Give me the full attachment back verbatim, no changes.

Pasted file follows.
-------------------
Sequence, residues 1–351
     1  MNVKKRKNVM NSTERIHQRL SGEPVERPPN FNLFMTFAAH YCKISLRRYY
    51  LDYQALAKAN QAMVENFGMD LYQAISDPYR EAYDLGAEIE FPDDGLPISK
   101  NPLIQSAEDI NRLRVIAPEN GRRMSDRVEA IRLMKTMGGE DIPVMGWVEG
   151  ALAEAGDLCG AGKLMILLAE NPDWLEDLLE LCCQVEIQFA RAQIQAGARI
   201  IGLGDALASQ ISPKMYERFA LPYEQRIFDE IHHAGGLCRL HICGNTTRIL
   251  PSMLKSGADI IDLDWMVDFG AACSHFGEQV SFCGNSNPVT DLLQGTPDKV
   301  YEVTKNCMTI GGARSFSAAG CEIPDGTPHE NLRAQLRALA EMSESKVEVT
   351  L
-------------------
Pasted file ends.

Sequence, residues 1–351
     1  MNVKKRKNVM NSTERIHQRL SGEPVERPPN FNLFMTFAAH YCKISLRRYY
    51  LDYQALAKAN QAMVENFGMD LYQAISDPYR EAYDLGAEIE FPDDGLPISK
   101  NPLIQSAEDI NRLRVIAPEN GRRMSDRVEA IRLMKTMGGE DIPVMGWVEG
   151  ALAEAGDLCG AGKLMILLAE NPDWLEDLLE LCCQVEIQFA RAQIQAGARI
   201  IGLGDALASQ ISPKMYERFA LPYEQRIFDE IHHAGGLCRL HICGNTTRIL
   251  PSMLKSGADI IDLDWMVDFG AACSHFGEQV SFCGNSNPVT DLLQGTPDKV
   301  YEVTKNCMTI GGARSFSAAG CEIPDGTPHE NLRAQLRALA EMSESKVEVT
   351  L